Investigations by the CFPB and the Department of Justice have determined that almost 750,000 consumers were harmed by discriminatory and illegal credit card practices. The CFPB has ordered GE Capital Retail Bank, a subsidiary of GE Capital Corporation now known as Synchrony Bank since a name change on June 2, to pay $225 million to give relief to consumers harmed by these practices.
GE Capital will refund $56 million to about 638,000 customers who were harmed by deceptive marketing. The bank must also pay an additional $169 million to around 108,000 borrowers who were excluded from debt relief offers due to their national origin.
This agreement represents the largest credit card discrimination settlement with the government, although it has yet to be approved by a federal court.
According to the government, the bank sold debt cancellation insurance to consumers to add to their credit card accounts, saying they would not pay for the additional protection if their balance was paid at the end of each cycle. The truth was consumers could only avoid the fee if they did not use the card or paid off the balance before the bank issued its monthly billing statement.
CFPB has also alleged GE Capital sold this insurance program to disabled and retired people, who are actually prevented from using the program due to their disabled or retired status. The bank is also accused of convincing customers to buy the protection without clearly informing them they were making a purchase, while others were falsely told the product was sold as a “limited one-time offer.”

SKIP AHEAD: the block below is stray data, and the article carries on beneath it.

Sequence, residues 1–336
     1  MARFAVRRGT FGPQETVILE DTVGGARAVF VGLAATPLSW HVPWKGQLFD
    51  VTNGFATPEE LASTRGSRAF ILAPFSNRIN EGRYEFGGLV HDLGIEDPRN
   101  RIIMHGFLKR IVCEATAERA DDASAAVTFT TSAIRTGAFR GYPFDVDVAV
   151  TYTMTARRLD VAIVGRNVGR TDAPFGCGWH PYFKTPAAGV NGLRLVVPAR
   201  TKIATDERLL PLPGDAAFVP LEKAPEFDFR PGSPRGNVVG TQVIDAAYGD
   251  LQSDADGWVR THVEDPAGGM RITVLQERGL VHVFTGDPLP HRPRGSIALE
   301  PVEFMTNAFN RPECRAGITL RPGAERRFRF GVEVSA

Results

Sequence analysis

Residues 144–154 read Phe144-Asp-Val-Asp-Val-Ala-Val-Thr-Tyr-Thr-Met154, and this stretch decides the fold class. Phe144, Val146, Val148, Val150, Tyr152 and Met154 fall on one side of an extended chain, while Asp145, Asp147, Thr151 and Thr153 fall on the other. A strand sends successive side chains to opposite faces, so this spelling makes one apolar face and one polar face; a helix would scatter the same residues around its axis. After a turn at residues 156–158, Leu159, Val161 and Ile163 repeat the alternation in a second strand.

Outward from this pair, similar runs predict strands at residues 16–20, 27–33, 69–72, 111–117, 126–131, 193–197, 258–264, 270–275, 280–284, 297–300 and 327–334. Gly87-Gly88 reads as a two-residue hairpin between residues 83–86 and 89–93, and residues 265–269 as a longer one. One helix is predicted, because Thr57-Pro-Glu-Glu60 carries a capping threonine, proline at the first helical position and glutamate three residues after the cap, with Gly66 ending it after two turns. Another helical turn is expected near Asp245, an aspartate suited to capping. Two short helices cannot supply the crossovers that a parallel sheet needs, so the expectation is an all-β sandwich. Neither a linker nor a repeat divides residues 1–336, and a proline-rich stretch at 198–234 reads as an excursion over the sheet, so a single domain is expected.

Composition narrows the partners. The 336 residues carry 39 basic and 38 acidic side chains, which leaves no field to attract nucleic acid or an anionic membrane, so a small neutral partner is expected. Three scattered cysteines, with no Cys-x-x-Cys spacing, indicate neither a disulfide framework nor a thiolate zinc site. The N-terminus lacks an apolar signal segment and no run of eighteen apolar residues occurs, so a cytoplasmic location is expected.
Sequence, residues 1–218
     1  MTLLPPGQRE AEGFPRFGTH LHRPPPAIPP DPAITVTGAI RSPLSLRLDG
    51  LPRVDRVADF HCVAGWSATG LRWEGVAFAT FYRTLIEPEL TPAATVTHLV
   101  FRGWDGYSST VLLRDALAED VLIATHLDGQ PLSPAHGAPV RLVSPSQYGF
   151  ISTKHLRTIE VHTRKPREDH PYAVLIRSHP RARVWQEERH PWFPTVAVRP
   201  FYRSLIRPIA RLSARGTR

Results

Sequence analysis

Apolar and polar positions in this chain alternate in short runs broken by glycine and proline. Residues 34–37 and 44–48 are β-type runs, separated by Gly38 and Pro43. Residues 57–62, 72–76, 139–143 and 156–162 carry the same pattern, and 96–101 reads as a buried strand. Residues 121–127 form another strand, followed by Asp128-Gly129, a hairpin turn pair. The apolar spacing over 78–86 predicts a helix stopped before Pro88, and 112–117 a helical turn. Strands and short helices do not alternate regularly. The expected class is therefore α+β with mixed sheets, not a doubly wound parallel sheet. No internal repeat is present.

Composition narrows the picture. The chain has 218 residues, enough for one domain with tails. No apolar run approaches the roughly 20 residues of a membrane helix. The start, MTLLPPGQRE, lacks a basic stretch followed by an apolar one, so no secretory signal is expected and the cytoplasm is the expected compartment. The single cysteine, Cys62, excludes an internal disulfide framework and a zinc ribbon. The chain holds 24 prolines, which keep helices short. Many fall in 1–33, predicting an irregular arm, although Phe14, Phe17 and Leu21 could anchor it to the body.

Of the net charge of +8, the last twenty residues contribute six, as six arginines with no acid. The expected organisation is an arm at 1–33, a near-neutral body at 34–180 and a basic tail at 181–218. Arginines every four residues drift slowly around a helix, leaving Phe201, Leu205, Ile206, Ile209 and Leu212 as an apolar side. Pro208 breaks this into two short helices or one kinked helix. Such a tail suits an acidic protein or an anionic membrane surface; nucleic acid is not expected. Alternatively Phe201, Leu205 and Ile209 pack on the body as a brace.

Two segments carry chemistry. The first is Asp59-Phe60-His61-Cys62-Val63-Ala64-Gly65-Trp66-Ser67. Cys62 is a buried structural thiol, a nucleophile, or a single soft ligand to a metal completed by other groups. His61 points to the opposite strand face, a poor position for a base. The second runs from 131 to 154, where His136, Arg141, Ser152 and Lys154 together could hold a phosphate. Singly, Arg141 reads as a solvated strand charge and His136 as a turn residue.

GE Capital is accused of denying access to credit card debt repayment programs to qualified customers simply because they preferred communication in Spanish or had a Puerto Rico mailing address. GE Capital self-reported its policy of denying Spanish-speaking customers and those with Puerto Rico mailing addresses access to the program, a violation of the Equal Credit Opportunity Act, which bans using a consumer’s national origin for discrimination.
“Hispanic borrowers experienced higher debt levels and longer periods of debt; some of these Hispanic borrowers may have suffered additional consequential economic damages, including increased risk of credit problems, default, and repossession; having their account closed or ‘charged-off’ and sold to a third party; and other damages, including emotional distress,” the Justice Department said in a statement.